Giant Wave Crashing Against Glass Aquarium in Seoul Is Actually an Anamorphic Illusion

Wave Digital Art Installation in South Korea

GIF: Colossal

In the center of Seoul's version of Times Square, a giant wave appears as though it could crash down upon the masses at any minute. But what's actually happening is an incredible anamorphic illusion by South Korean digital design firm d'strict. By merging art and technology, they're expertly creating an immersive and entertaining experience.

In the past, d'strict has worked with holograms, projection mapping, and much more to bring a K-pop theme park and other spectacles to life. Now, they have tackled South Korea's largest digital advertising screen with their installation Wave. A massive 80.9-meter wide by 20.1-meter high (265′ x 65′) screen is the canvas for their work and they take full advantage of the space.

By projecting massive waves onto the screen, they've created the illusion that the water could burst the glass at any moment and spill onto the sidewalk. The effect is both thrilling and mesmerizing. As the waves hypnotically crash into the glass over and over again, it's impossible to look away.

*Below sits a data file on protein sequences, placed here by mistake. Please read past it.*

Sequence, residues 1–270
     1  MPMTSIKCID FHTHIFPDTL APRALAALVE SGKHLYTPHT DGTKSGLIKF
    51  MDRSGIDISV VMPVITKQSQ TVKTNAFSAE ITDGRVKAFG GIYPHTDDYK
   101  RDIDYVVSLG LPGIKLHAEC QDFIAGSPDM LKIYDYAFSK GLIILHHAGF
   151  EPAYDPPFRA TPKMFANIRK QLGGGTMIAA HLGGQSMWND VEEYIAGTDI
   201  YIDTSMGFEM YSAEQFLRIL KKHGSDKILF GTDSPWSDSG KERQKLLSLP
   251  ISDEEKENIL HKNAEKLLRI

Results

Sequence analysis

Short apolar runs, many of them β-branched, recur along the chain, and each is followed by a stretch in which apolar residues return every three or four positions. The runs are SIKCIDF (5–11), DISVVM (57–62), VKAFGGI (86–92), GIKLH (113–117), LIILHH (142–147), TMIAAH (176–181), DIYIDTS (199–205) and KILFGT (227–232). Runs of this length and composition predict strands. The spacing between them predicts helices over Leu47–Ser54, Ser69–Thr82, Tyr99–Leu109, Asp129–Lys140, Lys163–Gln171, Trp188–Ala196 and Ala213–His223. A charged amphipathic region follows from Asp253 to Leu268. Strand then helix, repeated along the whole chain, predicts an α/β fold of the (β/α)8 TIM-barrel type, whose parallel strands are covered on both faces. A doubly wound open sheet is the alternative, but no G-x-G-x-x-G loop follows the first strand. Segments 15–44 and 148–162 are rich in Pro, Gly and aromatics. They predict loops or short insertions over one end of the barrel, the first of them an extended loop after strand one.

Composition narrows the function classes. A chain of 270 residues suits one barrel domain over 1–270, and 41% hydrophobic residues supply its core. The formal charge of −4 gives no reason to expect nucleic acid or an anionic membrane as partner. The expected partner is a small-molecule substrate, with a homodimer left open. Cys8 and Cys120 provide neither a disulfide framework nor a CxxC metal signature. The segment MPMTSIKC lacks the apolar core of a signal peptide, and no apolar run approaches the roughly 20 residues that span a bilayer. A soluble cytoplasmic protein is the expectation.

The large digital billboard was installed in 2018 to develop the Coex K-pop Square in Seoul's Gangnam District. Typically, K-pop videos are projected on the wraparound screen of the Coex Atrium, but this heart-stopping makeover is sure to garner just as much attention.

In the Times Square of South Korea, it looks like a giant wave is about to break out of a giant aquarium.

Wave Digital Art Installation in South Korea

In actuality, Wave is a giant anamorphic illusion created by design firm d'strict.

d'strict: Website | Facebook | Instagram | YouTube
h/t: [Colossal]

All images via d'strict.

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Jessica Stewart

Jessica Stewart is a Staff Editor and Digital Media Specialist for My Modern Met, as well as a curator and art historian. Since 2020, she is also one of the co-hosts of the My Modern Met Top Artist Podcast. She earned her MA in Renaissance Studies from University College London and now lives in Rome, Italy. She cultivated expertise in street art which led to the purchase of her photographic archive by the Treccani Italian Encyclopedia in 2014. When she’s not spending time with her three dogs, she also manages the studio of a successful street artist. In 2013, she authored the book 'Street Art Stories Roma' and most recently contributed to 'Crossroads: A Glimpse Into the Life of Alice Pasquini'. You can follow her adventures online at @romephotoblog.
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